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Diesel engines (without OBD)

Those were the days!, when a Diesel engine was considered to be well adjusted when the driver's open door didn't vibrate too much. Apart from that, the exhaust emission test was, more than likely, a visual examination. For the manufacturers, everything was also okay if the filter was only 50% blackened. What a difference there is today, where the soot from vehjcles with a particle-filter is practically non-detectable.

Exhaust gas analyser to be checked every 6 months by the technical control board/device manufacturer-> seal of approval sticker

A pre-condition is - also for the avoidance of engine damage - once again, an oil temperature of 80°C. Apart from the possibilities described in the emission control program for petrol engines, for Diesel engines with fuel injection pumps there is also the clamp transducer, which should be attached as early as possible to a straight, shiny, metal part of the injection feed-line and then not twisted or turned again.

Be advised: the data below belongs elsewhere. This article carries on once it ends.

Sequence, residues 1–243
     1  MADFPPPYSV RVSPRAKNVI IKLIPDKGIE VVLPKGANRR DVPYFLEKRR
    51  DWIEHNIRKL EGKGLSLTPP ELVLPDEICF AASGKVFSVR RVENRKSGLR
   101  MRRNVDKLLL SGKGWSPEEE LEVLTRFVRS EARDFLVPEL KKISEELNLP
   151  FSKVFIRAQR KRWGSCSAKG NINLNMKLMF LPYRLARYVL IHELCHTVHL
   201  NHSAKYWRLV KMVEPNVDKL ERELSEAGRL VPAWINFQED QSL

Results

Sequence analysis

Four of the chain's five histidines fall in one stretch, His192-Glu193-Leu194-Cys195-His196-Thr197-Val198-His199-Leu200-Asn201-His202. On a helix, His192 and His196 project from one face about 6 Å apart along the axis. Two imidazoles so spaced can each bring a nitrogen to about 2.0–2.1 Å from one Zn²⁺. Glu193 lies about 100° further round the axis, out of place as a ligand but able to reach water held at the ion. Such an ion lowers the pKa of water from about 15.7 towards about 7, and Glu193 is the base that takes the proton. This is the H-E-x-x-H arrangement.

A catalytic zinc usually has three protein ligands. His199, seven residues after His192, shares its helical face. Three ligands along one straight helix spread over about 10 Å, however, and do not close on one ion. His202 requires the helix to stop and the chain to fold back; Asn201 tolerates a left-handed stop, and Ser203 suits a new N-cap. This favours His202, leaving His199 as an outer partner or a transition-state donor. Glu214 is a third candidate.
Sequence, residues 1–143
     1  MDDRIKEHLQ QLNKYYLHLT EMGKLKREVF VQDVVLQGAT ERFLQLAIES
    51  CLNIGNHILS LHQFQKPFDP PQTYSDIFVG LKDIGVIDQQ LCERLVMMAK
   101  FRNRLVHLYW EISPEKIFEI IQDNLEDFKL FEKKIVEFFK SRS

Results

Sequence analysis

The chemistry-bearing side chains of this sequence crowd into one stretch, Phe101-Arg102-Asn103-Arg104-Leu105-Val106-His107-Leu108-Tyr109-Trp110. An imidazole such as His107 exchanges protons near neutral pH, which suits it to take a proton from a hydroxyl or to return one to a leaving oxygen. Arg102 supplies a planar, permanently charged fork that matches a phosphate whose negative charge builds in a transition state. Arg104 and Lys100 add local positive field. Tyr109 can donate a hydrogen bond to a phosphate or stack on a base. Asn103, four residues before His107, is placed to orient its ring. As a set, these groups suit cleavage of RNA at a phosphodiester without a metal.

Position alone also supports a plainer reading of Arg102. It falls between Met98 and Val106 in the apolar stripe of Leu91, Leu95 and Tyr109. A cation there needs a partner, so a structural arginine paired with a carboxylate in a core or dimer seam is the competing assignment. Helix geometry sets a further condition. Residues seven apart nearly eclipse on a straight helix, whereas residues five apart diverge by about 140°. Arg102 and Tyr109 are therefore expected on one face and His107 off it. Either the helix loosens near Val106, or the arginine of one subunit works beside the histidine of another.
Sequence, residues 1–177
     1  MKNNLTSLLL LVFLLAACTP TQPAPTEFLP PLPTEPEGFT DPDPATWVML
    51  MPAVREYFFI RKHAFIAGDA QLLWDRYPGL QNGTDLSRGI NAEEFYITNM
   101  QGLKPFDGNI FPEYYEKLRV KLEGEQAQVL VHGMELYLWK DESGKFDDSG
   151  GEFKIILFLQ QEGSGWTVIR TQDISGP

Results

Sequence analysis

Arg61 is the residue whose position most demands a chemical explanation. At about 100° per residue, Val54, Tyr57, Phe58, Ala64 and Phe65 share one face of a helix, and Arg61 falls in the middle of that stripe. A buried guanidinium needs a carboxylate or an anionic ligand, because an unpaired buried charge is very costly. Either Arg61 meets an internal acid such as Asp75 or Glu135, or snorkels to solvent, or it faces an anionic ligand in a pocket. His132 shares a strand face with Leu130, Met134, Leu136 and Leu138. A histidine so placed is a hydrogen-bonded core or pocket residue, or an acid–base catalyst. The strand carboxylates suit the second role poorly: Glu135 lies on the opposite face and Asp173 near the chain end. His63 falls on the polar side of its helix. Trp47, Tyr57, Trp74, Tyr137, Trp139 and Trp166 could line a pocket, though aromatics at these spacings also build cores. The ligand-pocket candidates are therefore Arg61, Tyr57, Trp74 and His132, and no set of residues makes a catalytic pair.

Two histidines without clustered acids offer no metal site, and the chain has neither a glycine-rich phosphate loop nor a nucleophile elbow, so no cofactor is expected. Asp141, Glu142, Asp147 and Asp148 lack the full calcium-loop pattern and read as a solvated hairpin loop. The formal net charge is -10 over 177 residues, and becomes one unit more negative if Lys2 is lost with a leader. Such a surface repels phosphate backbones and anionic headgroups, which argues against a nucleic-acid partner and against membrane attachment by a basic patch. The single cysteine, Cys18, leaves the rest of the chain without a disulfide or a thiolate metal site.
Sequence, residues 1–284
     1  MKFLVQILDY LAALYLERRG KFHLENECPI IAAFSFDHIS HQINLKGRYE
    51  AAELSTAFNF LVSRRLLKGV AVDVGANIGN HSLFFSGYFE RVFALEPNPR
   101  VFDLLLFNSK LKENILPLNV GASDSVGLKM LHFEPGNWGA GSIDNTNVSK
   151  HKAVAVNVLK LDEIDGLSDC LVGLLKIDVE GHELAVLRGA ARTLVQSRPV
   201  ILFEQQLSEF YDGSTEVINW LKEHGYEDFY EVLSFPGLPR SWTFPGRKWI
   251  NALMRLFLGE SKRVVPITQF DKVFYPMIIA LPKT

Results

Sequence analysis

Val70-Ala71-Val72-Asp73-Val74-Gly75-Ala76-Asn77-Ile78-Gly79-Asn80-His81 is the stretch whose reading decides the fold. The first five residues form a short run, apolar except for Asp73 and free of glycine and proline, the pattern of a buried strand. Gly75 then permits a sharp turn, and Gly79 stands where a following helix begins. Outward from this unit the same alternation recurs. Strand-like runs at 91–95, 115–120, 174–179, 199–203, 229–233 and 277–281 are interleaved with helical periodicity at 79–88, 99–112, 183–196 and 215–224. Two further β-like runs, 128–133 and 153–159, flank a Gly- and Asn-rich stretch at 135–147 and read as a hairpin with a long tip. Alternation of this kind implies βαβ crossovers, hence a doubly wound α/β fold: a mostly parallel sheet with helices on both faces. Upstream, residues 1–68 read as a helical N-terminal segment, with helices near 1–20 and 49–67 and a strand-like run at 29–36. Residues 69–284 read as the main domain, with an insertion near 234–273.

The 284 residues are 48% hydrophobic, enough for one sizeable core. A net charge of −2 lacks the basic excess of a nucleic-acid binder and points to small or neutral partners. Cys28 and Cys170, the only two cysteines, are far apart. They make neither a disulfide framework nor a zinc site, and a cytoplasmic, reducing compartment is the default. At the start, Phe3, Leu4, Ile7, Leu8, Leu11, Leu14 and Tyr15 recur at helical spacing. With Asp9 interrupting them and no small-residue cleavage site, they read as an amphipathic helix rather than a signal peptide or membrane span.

For this emission analysis a warm-up period and calibration is also necessary. This device must also be calibrated regularly. The actual analysis however, runs off completely different than with a petrol engine. The engine must be accelerated up to full-load against it's own mass-inertia and held in this state for a period prescribed by the measuring instrument. During this test-phase, the exhaust gas is examined for clouding. There is only one lamp and a photo-diode without filter, which measures the amount of light coming through on the other side of the exhaust gas flow. Thereby, apart from the black particles from the fuel, also the blue particles from added and /or burnt motor oil are detected.

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